Take the 2-minute tour ×
Stack Overflow is a question and answer site for professional and enthusiast programmers. It's 100% free, no registration required.

I'm working on a script to automatically install apache.
Before asking, this is a company request, otherwise I would use easier method to install apache.

Now, after the apache configure/make/make install I need to test for a successful completion.
I checked the configure options but there is no flag for an unsuccessful finish.
I would like to know if there is any other way than to test the command output for a successful or unsuccessful ending?

Right now, I'm saving the output on a file and then grepping for an expected line. For example "creating test/Makefile" for the configure.

Thanks

share|improve this question
add comment

1 Answer

up vote 2 down vote accepted

Normally, on *nix based systems, commands return a 0 value for success and non zero value if the command was unsuccessful. In the shell, the exit status of the last command gets stored in the "$?" variable.

So, lets say you run your make install and check the exit status like so:

# make install 
# echo $?

If the command was successful, the echo statement will print out a 0, otherwise you will get some other numerical value. Alternatively you can then test the contents if the $? with "if".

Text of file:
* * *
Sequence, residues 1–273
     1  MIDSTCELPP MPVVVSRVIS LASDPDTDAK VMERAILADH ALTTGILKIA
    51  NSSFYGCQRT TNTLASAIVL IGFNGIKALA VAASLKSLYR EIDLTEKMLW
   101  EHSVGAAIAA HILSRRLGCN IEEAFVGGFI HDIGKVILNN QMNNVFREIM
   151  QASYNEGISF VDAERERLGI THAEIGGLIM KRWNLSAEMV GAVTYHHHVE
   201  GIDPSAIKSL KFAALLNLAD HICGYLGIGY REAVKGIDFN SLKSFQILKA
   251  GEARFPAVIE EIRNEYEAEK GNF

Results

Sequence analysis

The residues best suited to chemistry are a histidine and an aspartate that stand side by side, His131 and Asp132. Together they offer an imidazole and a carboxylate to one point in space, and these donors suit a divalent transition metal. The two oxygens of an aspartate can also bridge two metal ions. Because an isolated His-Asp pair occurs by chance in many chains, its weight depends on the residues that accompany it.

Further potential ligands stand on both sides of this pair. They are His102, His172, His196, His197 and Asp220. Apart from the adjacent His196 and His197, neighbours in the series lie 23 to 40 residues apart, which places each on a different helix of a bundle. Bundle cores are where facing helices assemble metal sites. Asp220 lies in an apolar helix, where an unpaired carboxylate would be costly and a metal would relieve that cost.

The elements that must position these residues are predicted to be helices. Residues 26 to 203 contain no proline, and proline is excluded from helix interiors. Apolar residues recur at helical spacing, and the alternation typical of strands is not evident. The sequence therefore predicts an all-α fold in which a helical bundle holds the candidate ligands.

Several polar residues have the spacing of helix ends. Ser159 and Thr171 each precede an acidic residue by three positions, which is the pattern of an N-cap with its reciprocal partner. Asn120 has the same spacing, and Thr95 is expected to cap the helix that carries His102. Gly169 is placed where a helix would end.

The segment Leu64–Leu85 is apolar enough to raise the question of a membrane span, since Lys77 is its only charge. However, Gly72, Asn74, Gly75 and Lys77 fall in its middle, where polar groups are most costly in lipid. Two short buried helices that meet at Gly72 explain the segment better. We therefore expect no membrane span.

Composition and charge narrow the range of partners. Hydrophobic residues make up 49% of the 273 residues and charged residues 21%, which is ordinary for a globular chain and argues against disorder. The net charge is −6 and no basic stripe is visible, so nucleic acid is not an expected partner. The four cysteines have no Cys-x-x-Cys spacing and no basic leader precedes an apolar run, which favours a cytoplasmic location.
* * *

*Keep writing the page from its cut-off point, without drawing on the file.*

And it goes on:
if [ $? -eq 0 ]; then { 
    echo "OK" 
};else { 
    echo "Not Ok"
};fi

You can also use the exit status in a different way. The following command line will execute each command, in order ONLY if the preceding command was successful

./configure && make && make install && echo "All good!"

Think of each COMMAND as a FUNCTION that returns a VALUE (its exit status)

&& is the AND operator for bash (The shell you are probably using.) and || is the OR operator.

You can extend the above command line to also handle the case where the "make install" step fails, for example:

./configure && make && make install && echo "All good!" || echo "Something's awry"

Of course, this is just an example, but I think that you can solve your problem by taking advantage of the fact that you can test the exit status of commands.

This link should help you: http://tldp.org/LDP/abs/html/exit-status.html

share|improve this answer
    
The script has been working correctly for 6 months. Last night a member of my team tested it on a new server and it failed. But I think its one of those cases it was destined to fail. Anyway, thank you very much, this give me some room to improve it :) –  radicaled Oct 11 '13 at 16:10
add comment

Your Answer

 
discard

By posting your answer, you agree to the privacy policy and terms of service.

Not the answer you're looking for? Browse other questions tagged or ask your own question.